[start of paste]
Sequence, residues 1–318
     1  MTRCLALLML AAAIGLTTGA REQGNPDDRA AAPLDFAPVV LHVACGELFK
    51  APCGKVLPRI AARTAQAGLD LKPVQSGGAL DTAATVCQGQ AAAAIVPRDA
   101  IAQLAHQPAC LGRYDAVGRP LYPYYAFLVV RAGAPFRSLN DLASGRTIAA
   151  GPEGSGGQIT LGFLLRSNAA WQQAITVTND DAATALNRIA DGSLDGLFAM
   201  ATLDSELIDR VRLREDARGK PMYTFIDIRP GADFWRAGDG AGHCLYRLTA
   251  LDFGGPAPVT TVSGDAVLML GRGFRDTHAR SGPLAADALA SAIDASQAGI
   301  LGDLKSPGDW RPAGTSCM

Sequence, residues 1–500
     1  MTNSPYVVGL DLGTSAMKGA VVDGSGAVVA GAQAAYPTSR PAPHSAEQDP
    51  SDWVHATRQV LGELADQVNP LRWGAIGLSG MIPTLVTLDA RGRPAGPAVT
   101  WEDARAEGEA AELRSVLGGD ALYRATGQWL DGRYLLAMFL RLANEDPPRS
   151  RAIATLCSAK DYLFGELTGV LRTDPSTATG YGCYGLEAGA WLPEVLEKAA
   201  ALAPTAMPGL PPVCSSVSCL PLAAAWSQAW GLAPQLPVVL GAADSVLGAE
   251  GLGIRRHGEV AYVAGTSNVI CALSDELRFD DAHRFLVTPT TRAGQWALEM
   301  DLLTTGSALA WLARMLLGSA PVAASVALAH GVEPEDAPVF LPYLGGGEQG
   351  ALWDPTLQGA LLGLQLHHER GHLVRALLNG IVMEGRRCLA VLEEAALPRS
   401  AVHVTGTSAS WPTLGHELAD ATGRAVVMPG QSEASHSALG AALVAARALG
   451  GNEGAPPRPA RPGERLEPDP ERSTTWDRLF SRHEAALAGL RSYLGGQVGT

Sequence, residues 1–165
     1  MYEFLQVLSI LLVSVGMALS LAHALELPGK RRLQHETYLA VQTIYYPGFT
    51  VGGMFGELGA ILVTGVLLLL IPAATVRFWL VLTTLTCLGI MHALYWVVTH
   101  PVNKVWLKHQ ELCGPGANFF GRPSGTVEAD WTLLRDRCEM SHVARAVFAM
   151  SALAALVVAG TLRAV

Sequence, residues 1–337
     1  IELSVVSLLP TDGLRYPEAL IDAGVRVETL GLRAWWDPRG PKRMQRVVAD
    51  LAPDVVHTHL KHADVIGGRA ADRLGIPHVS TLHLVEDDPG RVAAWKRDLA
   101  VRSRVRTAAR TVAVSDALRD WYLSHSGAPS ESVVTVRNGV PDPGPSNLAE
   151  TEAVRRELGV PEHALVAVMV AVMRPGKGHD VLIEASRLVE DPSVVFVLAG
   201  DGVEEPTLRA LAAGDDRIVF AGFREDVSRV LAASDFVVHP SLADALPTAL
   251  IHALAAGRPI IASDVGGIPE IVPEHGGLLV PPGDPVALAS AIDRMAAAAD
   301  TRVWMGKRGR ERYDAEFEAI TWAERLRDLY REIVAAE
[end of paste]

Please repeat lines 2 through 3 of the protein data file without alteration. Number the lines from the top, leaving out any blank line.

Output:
     1  MTRCLALLML AAAIGLTTGA REQGNPDDRA AAPLDFAPVV LHVACGELFK
    51  APCGKVLPRI AARTAQAGLD LKPVQSGGAL DTAATVCQGQ AAAAIVPRDA